City of San Diego Increases the Minimum Wage


The City of San Diego will increase its hourly minimum wage from $13 an hour to $14 an hour, beginning January 1st, 2021. This increase applies to all employees, in all industries, within the city limits who work at least two hours per week.

According to the City of San Diego’s media release from Oct. 15, 2020, the change is in accordance with the Earned Sick Leave and Minimum Wage Ordinance that was approved in 2016. This Ordinance increased wages to $10.50 an hour in 2016, $11.50 an hour in 2017, and ensures that wages of San Diego’s employees will increase each year by an amount corresponding to the prior year’s increase.

“The purpose and intent of the Ordinance is to ensure that employees who work in the City receive a livable minimum wage and the right to take earned, paid sick leave to ensure a decent and healthy life for themselves and their families,” the City’s Office of the Treasury said in an email to The UCSD Guardian. 

The U.S. Bureau of Labor Statistics has measured that the cost of living, or the Consumer Price Index, in the area of San Diego has increased 1.6 percent in the past year, and 0.6 percent in the past two months. 

“This increase in wage is a little concerning because it’s really just showing how much the cost of living in San Diego is increasing by each year. That being said, I am grateful that the administration of San Diego is recognizing how much the cost of living is rising and doing their best to offset the struggles we are all facing,” freshmen at Roger Revelle College, Jordan Zamora said. 

The Ordinance also mandates that tips or gratuity cannot be counted towards the minimum wage. Because of Labor Code Section 351, California law prohibits employers from keeping any portion of gratuity given to one or more employees by a patron.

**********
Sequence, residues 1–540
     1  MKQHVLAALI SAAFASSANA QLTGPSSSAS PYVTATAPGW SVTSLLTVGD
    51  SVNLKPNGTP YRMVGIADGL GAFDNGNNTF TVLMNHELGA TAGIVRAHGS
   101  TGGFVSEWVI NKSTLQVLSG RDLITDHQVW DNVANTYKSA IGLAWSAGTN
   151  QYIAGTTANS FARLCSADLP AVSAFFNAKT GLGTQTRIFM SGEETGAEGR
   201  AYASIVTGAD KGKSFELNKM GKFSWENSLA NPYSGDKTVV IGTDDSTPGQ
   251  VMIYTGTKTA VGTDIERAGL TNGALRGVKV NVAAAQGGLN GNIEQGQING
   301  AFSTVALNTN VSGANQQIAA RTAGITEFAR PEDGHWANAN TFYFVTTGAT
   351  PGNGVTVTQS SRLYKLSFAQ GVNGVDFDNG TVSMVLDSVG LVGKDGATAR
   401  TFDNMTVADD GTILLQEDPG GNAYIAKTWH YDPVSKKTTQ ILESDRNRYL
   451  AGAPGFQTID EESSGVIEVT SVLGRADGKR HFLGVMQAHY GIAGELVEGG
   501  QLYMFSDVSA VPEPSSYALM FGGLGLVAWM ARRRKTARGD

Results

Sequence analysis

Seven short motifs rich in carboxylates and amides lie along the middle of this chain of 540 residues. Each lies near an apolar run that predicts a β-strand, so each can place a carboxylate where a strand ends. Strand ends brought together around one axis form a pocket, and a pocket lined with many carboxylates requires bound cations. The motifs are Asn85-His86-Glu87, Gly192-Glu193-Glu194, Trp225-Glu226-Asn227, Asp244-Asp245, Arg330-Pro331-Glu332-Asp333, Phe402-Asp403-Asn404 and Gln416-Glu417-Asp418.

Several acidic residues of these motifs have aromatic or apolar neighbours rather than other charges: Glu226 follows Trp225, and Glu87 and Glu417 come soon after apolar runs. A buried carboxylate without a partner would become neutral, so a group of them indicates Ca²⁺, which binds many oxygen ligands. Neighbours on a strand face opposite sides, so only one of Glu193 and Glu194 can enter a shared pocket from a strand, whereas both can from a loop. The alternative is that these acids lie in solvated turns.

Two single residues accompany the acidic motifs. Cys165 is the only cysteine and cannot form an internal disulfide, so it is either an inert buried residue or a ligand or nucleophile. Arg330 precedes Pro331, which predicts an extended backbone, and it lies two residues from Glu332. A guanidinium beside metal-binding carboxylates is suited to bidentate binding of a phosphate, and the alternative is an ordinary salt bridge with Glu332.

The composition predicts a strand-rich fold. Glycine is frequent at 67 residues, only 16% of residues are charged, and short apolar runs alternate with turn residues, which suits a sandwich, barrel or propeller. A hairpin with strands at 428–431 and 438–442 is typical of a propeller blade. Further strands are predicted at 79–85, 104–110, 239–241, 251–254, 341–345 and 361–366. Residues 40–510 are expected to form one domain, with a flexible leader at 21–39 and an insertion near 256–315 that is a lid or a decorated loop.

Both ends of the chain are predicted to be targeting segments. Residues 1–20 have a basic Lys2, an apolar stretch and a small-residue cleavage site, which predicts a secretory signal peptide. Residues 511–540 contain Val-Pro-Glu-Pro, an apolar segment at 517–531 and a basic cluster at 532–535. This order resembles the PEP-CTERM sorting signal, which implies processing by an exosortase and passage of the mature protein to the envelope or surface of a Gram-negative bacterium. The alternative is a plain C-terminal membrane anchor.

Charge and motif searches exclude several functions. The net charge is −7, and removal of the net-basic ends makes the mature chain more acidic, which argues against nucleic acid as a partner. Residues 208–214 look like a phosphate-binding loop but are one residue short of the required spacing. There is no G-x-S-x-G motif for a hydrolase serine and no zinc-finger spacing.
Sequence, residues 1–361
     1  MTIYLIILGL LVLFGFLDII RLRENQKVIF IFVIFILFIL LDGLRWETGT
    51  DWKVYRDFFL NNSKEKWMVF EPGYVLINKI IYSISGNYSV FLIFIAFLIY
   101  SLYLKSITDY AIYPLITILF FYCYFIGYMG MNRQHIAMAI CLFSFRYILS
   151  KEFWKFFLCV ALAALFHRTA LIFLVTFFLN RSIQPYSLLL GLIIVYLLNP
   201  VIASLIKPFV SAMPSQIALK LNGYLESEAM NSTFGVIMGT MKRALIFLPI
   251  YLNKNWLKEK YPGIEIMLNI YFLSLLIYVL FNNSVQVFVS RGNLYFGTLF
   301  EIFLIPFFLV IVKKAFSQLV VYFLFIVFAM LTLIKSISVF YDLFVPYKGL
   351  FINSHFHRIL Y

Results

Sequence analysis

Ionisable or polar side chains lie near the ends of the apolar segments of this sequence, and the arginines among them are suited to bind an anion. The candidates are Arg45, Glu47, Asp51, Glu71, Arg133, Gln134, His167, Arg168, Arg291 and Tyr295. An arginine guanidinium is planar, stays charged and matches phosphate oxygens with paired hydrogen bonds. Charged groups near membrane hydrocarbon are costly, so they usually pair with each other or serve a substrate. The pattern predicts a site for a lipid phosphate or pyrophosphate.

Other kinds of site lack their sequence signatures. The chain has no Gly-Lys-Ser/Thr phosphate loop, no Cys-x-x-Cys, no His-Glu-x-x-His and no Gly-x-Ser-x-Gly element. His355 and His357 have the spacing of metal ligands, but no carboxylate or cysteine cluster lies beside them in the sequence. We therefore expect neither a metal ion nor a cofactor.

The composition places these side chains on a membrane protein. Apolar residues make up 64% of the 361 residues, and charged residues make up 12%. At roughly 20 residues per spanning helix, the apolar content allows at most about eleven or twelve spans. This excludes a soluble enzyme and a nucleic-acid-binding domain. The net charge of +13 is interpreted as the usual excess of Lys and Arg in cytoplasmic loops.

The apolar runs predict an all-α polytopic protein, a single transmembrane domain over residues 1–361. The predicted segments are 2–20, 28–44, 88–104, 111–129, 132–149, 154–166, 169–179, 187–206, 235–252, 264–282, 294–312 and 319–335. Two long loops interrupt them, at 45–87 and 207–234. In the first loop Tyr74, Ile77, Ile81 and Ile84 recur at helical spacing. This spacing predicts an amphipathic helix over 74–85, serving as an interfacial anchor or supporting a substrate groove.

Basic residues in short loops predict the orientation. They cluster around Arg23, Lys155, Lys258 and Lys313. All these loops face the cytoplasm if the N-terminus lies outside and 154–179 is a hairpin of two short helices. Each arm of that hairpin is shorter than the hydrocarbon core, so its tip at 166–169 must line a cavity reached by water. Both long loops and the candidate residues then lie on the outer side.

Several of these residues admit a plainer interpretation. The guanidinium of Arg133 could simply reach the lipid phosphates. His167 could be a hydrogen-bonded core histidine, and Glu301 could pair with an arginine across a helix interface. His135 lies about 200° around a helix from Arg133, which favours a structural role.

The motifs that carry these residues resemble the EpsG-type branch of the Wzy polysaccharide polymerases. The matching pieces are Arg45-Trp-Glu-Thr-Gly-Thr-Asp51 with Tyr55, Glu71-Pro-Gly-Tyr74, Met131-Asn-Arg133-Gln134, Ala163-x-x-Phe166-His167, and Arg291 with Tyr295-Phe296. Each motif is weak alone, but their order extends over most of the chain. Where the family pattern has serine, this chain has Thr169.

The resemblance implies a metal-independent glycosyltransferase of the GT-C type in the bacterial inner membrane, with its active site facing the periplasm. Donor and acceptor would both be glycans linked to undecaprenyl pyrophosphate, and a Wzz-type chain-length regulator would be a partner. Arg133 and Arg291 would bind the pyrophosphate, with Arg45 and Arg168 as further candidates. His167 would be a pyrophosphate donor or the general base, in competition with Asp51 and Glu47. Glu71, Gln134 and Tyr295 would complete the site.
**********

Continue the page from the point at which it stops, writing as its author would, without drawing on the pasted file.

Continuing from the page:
It is also stated in the 2016 Ordinance that each employee must be provided with earned sick leave — no less than one hour for every 30 hours worked — and that these notices must be posted in a conspicuous place within each business place for employees to see. These notices must be reposted each year in relation to changes the city makes.

This change will have minimal effect on campus, because many employees already make above the current minimum wage. Full-time Custodial positions such as Senior Custodian, Environmental Services Custodian, and other positions make an hourly wage of $17.82 – $22.16. Student Academic Title positions, including readers and tutors, make an hourly wage between $17.26 – $31.44, depending on education level. Teaching assistants make a monthly wage that, when broken down, is also well above the minimum wage. 

“I feel that my circumstances are somewhat unique as with most people, but in general it is a livable wage where I am able to pay for my rent with graduate student housing, purchase groceries and pay other expenses related to transportation, supplies, and such,” UCSD Math Teaching Assistant Terry Le said. “In short, what I am being paid is within a slim margin of a livable wage, though everyone’s circumstances are different which allows some more flexibility and others more compromises they have to make.”

Looking forward, the City of San Diego minimum wage is set to continuously increase each year in relation to the increase in the Consumer Price Index.

Photo courtesy of Irvin Yang for The UCSD Guardian.